It means that some people are unteachable: so dense or so close-minded that they are incapable of comprehending or accepting what you tell them unless it conforms to what they already know or believe. Incidentally, this Yogi-ism is often attributed to Louis Armstrong, probably through confusion with what Satchmo is said to have told somebody who asked him ...


15

The word I've heard used for this on the linguistics blog Language Log is snowclone (it's derived from phrases of the format "If Eskimos have N words for snow, X surely have Y words for Z.") Here's a Language Log post that describes the moment the word was coined and that links to some examples: Snowclones: Lexicographical Dating to the Second And here's ...


14

"Avoid like the plague" is an idiom which means to ignore or keep away from someone or something totally.. Refer http://idioms.thefreedictionary.com/avoid+like+the+plague


14

What Franklin didn't say Like FumbleFingers, I can't find any attribution of the quoted language to Franklin before about the turn of the twenty-first century. (A Google Books search finds one instance from the year 2000, in 2001 Librarian's Engagement Calendar and Almanac.) On the other hand I did find the following quotation attributed to another popular ...


13

As Josh61 observes (in a comment above), the saying seems to have emerged in the middle to late 1960s in the context of education. A Google Books search finds seven occurrences between 1966 and and 1968—virtually all in the context of education—and nothing prior to that. I get the impression that the quotation, unearthed from an ancient Chinese source or not,...


12

First, note that exclamation marks and question marks do not always end a sentence. While it's not common in contemporary English, writers sometimes use these marks after a word, phrase, or clause in mid-sentence. That's the case in your example sentence. In modern writing, alas! might be set off with dashes or parentheses: But (alas!) this kind heart had ...


12

A preliminary digression Although I want to provide a useful answer to the poster's specific question, I must first point out the inaccuracy of Dougvj's answer. According to that answer, the phrase "We can predict everything, except the future" may originate in a longer block of observations about the future— The future isn't what it used to be. ...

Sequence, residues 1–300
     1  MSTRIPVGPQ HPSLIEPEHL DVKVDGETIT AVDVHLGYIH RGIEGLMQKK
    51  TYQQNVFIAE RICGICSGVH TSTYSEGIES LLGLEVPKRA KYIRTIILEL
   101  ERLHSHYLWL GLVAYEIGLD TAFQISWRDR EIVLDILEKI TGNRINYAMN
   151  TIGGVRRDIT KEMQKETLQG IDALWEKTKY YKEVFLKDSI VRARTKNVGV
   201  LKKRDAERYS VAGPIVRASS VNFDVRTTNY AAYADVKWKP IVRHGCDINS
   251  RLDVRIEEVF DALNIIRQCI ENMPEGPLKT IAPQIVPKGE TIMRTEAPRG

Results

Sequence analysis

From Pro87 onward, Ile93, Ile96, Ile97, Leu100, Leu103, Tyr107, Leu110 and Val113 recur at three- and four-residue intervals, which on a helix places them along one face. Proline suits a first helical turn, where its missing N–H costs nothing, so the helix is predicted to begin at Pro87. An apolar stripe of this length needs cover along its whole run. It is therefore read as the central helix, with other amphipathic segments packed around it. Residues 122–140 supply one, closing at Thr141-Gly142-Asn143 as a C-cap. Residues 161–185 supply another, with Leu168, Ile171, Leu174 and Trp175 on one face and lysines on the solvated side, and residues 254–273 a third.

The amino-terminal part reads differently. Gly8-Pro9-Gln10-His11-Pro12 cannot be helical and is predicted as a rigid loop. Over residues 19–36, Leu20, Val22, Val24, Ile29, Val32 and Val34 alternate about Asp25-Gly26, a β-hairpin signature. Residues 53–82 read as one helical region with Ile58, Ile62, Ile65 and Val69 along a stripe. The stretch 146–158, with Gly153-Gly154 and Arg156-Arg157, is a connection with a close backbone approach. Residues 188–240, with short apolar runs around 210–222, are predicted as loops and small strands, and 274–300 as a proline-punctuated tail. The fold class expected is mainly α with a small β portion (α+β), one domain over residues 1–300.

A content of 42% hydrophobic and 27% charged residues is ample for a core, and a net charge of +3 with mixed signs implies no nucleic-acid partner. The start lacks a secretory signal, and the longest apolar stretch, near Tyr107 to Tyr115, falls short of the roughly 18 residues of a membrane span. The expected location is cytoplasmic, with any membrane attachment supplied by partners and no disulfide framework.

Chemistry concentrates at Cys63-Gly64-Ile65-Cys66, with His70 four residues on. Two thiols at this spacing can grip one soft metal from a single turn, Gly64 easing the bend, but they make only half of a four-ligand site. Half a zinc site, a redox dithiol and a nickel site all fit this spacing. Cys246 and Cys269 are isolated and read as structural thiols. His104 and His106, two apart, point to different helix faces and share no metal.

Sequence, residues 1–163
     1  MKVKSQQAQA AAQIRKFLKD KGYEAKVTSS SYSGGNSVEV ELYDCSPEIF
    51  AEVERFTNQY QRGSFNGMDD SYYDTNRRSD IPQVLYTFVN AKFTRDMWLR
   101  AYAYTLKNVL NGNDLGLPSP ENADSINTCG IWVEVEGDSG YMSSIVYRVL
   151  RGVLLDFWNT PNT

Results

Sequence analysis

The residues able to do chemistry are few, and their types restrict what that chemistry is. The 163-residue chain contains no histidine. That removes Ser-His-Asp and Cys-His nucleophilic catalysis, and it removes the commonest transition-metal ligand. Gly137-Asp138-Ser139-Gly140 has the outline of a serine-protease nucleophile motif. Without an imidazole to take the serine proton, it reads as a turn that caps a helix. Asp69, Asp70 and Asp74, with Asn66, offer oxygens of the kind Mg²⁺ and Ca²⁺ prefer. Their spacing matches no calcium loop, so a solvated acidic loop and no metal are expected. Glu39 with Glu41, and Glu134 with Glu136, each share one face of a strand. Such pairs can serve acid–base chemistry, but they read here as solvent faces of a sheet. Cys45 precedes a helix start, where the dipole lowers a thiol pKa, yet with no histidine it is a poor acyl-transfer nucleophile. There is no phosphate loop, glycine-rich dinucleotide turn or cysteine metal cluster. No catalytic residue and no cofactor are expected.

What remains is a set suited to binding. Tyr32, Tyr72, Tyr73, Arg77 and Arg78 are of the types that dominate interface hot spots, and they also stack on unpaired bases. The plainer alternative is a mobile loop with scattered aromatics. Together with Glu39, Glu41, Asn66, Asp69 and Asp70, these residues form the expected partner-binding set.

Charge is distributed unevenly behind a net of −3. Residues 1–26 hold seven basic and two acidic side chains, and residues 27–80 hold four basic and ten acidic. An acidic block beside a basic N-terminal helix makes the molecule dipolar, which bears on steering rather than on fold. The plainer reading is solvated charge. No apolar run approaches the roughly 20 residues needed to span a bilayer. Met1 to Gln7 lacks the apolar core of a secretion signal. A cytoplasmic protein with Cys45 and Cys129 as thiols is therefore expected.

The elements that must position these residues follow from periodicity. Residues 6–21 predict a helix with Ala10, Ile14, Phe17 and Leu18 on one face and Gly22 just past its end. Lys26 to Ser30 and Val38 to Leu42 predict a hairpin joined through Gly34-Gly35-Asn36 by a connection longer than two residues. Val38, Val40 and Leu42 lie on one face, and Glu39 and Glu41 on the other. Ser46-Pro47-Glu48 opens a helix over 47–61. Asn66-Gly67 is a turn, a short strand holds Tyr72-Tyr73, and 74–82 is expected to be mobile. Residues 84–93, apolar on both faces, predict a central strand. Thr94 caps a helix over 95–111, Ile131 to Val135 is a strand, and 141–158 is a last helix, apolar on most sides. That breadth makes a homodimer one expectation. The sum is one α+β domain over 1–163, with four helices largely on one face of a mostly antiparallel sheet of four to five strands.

12

As modern German, French, and Italian still do today, early modern English formed the perfect tenses of intransitive verbs of directed motion and some changes of state not with a form of to have, but to be and the past participle. I have become is the modern grammatical equivalent of the archaic I am become, but far from equal in rhetorical power. This ...


11

The phrase "stupid question" does not appear in Stephen King's Under the Dome. (I checked online.) The following King line (as noted above by Jim) does appear in The Wind Through the Keyhole: The only stupid question, my cullies [my friends], is the one you don't ask. This means that it's stupid to refrain from asking a question that you fear has an ...


11

As almost everybody else here mentions (not "mention" :D), none comes from not one, so grammatically, it should be used as a singular (it baffles me how some people conclude the opposite from the same fact), similar to the usage of every: Usage Note: Every is representative of a group of English words and expressions that are singular in form but felt to ...